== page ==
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INDIANAPOLIS – Back to the drawing board.

In many ways, Matthew Stafford seemed like the best and most realistic veteran quarterback option for the Colts to achieve what Jim Irsay is seeking out.

Now, other ideas must be explored at the most important position in sports.

If the Colts are going outside their building for a starting QB in 2021, where do they now turn?

For now, we will only focus on current NFL quarterbacks, staying away from any of the 2021 rookie class:

 

Free Agents

-Andy Dalton (Cowboys): If you are wanting ‘veteran vision’ with playoff experience, Dalton would check that aspect. Of course, Dalton is 0-4 in the postseason with awful individual numbers in the playoffs and has hovered around 60 percent as a passer in his 30s (Dalton is 34 years old). In 2020 with the Cowboys, Dalton was 4-5 as a starter in replacing the injured Dak Prescott.

-Ryan Fitzpatrick (Dolphins): Is it time for the 38-year-old Harvard product to play for his 9th NFL team (7th in the AFC)? When called upon in spot duty, Fitzpatrick has spurred some magic. But we are still talking about a quarterback with a career record of 59-86-1, and someone who has completed just 60.7 percent of his passes.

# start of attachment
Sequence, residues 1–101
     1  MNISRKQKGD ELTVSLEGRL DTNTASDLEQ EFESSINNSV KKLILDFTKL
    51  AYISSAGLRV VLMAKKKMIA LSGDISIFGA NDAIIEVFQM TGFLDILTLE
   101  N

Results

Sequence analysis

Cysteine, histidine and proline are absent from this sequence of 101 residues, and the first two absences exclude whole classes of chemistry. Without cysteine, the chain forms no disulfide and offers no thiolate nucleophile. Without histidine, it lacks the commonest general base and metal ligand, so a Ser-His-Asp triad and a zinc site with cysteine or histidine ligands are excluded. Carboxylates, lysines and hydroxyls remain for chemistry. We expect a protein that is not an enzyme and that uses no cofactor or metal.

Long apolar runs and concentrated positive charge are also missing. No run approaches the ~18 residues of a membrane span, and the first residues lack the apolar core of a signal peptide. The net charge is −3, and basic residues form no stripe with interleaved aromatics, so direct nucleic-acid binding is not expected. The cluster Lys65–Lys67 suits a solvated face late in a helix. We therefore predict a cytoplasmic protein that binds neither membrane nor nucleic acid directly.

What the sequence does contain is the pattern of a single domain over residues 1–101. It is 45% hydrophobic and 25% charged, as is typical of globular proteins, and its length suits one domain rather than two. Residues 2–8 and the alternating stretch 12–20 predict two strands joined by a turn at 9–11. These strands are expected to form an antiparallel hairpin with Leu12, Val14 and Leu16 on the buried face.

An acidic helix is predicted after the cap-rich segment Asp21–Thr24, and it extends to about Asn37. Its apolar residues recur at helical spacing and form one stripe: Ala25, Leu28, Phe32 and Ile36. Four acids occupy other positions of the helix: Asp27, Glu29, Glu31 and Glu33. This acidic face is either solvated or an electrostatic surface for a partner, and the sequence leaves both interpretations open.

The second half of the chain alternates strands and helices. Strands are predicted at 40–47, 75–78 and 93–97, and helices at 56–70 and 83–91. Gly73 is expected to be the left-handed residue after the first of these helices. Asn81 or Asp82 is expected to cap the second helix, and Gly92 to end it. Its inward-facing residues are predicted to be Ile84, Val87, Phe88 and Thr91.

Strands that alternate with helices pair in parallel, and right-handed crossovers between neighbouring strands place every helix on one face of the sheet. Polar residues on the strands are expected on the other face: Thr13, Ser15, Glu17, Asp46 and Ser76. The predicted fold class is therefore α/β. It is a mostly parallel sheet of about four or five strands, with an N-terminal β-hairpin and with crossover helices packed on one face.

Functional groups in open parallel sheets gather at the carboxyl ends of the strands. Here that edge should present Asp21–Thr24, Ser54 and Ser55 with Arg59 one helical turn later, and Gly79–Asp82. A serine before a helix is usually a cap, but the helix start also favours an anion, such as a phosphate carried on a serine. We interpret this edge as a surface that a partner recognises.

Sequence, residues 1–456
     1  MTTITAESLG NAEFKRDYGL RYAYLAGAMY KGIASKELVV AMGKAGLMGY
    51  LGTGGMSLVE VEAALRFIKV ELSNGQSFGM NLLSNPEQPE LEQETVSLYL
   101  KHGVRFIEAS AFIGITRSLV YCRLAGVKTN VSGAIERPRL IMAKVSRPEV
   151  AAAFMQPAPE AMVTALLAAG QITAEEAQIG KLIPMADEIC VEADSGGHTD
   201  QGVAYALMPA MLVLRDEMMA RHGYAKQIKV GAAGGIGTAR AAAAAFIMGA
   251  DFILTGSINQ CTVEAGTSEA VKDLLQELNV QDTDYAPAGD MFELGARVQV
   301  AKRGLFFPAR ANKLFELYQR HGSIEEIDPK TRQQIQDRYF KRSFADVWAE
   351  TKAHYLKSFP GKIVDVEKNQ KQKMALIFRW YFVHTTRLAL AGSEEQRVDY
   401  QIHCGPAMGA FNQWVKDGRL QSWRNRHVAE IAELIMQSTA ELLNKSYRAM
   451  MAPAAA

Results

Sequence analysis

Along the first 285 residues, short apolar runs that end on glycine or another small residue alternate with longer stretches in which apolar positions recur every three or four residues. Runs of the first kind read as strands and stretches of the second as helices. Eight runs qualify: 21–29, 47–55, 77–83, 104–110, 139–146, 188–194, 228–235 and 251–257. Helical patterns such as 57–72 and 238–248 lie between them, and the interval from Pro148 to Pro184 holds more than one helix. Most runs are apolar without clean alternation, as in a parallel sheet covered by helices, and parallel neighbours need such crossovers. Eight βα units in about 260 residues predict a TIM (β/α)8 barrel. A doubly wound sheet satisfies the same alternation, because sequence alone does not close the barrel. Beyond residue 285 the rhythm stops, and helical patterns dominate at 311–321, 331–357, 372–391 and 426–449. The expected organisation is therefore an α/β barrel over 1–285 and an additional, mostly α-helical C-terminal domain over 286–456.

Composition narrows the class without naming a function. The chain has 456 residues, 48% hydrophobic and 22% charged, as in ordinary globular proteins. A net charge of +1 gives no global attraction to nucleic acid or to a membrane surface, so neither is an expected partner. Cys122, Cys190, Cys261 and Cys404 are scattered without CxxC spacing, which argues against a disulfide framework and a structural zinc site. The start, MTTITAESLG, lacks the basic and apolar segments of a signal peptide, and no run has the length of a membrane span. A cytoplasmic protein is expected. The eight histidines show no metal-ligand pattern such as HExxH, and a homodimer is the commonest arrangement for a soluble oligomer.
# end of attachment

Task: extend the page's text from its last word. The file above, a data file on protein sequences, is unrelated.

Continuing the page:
-Cam Newton (Patriots): The 1-year Newton deal in New England was not a success. Newton stayed healthy, but the Patriots offense lacked potency. One issue that comes with the 31-year-old Newton is having to re-tool your offense to cater his strengths, first as a runner, then as a passer.

-Dak Prescott (Cowboys): Easily the most attractive free agent name in 2021, Prescott is widely assumed to return to the Cowboys—by franchise tag, if a long-term deal is not achieved. Prescott, 27, is coming off a serious ankle injury, but he would still be above anyone else on the open market list, if he were to hit FA. Again, the Cowboys are expected to bring him back.

-Mitchell Trubisky (Bears): The rookie contract has run out for the No. 2 overall pick in 2017. Trubisky was 29-21 as a starter in Chicago, completing 64 percent of his passes, while tossing 64 touchdowns and 37 interceptions. Surprisingly, there are some intriguing individual numbers from Trubisky, but concerns over where he’s at mentally are worrisome.

-Jameis Winston (Saints): First, with Drew Brees likely heading for retirement, the expectation is the Saints will have an available starting job. Wouldn’t Winston be the favorite for that? Or is Taysom Hill a serious long-term option? Winston offers big play potential, but the 30 interceptions he threw in 2019 (compared to 12 by Tom Brady in the same offense) will scare suitors. Winston has a 3.4 interception percentage rate in his career, which is the worst for any NFL QB in the last decade.

 

Potential Trade Options

-Teddy Bridgewater (Panthers): Are the Panthers ready to move on from Bridgewater after just one season? Carolina reportedly offered the No. 8 overall pick to acquire Matthew Stafford. Bridgewater signed a 3-year, $63 million deal with the Panthers in the 2019 offseason. While Bridgewater is just 28 years old, cap hits of nearly $23 and $26 million remain on his contract. He completed 69 percent of his passes, with a yards per attempt of 7.6. Those are nice numbers. But the Panthers went just 4-11 in Bridgewater’s 15 starts, tossing 15 touchdowns and 11 interceptions.